When you think of free online graphic design tools, you probably think of Canva. This user-friendly graphic design platform with a wide range of templates for social media graphics, presentations, posters, and more. It's great for beginners and offers both free and paid plans.
The paid version offers access to more templates, more extensive collaboration options and design tools.
Figma is a cloud-based design tool that's popular among UI/UX designers for its collaborative features. It allows multiple team members to work on the same project in real-time.
If you’re new to web design, this is a great tool to get you started, thanks to its user-friendly interface.
InVision is a prototyping and collaboration tool that's ideal for creating interactive and animated prototypes. It's widely used for user experience (UX) design. The free plan limits you to 1 prototype.
Gravit Designer is a free vector graphic design tool that offers many features similar to Adobe Illustrator. It works in your web browser or can be downloaded as a desktop app. Plus there’s a 15-day free trial so you can get a hang of it before purchasing the program.
If you need to create infographics and data visualizations, Venngage is the right address. It simplifies the process of designing visually engaging graphics. Don’t expect quite the same level of templates design as Canva, but it’s a great library to help you think of Infographic ideas.
Pixlr is a free online photo editing tool that offers features similar to Photoshop. Don’t expect quite the same functionalities, but if you want to do some basic to intermediate photo editing, Pixlr is worth checking out.
Snappa is a quick and easy online graphic design tool for creating social media graphics, blog headers, and other marketing materials. There’s a free plan available, but it’s limited to 3 downloads per month.
Formerly known as Lucidpress, this a web-based design and layout tool is perfect for creating brochures, newsletters, and other print or digital publications. It’s a great alternative to traditional software like InDesign and QuarkXPress.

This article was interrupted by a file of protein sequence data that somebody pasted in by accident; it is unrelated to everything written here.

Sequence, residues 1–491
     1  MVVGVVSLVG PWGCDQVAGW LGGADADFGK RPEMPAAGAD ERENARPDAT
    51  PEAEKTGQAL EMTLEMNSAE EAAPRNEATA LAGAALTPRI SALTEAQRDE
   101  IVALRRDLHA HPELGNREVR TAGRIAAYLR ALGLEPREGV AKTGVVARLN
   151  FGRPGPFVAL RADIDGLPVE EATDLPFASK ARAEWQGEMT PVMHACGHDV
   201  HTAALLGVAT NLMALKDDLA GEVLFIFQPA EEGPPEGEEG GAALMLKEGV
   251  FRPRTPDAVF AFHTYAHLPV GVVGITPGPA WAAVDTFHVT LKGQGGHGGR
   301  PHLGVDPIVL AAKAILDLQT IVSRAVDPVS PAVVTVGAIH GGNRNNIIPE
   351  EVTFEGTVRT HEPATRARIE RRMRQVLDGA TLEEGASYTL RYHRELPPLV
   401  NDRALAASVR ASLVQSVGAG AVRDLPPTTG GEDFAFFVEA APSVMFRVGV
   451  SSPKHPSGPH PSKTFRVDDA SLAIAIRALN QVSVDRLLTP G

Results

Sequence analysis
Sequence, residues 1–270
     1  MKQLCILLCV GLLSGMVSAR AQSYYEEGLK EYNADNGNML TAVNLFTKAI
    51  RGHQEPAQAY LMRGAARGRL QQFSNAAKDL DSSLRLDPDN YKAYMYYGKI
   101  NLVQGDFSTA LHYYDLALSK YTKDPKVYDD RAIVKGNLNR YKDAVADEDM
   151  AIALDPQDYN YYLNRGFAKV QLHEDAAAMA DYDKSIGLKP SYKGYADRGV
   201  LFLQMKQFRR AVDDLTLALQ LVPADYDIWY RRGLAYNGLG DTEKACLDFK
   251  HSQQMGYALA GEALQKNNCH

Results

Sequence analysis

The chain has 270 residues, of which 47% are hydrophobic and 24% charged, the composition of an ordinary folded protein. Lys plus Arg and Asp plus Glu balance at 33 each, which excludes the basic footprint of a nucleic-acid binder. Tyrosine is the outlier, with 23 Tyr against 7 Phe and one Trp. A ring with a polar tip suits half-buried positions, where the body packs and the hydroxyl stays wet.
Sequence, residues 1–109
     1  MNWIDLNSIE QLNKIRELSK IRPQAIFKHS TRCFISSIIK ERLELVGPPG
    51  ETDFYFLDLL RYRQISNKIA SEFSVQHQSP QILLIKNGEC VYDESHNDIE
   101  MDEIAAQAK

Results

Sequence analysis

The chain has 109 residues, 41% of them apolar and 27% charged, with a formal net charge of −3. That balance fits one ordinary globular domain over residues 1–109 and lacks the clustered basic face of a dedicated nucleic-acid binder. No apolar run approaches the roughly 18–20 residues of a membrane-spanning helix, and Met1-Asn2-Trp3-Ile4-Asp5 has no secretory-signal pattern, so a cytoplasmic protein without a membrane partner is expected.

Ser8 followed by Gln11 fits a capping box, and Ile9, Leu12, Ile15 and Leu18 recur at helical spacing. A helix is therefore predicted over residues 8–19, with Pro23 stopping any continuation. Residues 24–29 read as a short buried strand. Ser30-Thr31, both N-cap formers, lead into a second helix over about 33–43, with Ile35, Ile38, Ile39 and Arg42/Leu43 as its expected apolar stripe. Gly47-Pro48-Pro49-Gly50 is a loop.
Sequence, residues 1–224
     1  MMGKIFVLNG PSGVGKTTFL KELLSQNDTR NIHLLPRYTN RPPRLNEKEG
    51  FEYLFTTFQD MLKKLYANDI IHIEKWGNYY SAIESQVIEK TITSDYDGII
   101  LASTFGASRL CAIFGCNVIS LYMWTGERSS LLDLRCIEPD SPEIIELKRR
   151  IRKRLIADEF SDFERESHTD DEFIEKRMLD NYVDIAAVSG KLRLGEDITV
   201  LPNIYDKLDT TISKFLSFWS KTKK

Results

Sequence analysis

Where to get graphic design online?
Sometimes design is best left to the professionals. Luckily, there’s more than one way you can hire a designer online with just the right skills and styles for your project. And with an array of options to choose from, you’ll probably find something that fits your budget.
Freelance graphic design offers flexibility and access to specific skills. So, whatever your project is, you can find someone with experience in that department.
The main downside is that costs can accumulate fast, especially if you’re paying hourly. Additional revisions often come at an additional cost. Moreover, the flexibility also has a downside. Even if you find the perfect collaborator, there are no guarantees they’ll be available or responsive every time you need them.
This unique model allows you to post a project proposal and receive submissions from multiple designers (the most famous design contest platform is 99Designs). While you’re not obligated to pay unless you want to purchase one of the submissions, this model is quite skin-deep. Usually designers won’t elaborate much on the design process, so you can’t be sure whether they will be a good fit for your brand in the long term.
Unlimited design companies
Modern businesses need graphic design daily. So, it only makes sense they’d want a design service to cover all their needs.
Unlimited design companies are online graphic design firms that work on a subscription-based model: you pay a flat monthly fee for unlimited graphics and revisions.
It’s the quickest, fastest, and most affordable way to get quality design regularly. And ManyPixels is one of the best online graphic design services out there! Keen to know more?
Read about the perks of our service here, or book a free consultation for a chance to ask us any questions!
Having lived and studied in London and Berlin, I'm back in native Serbia, working remotely and writing short stories and plays in my free time. With previous experience in the nonprofit sector, I'm currently writing about the universal language of good graphic design. I make mix CDs and my playlists are almost exclusively 1960s.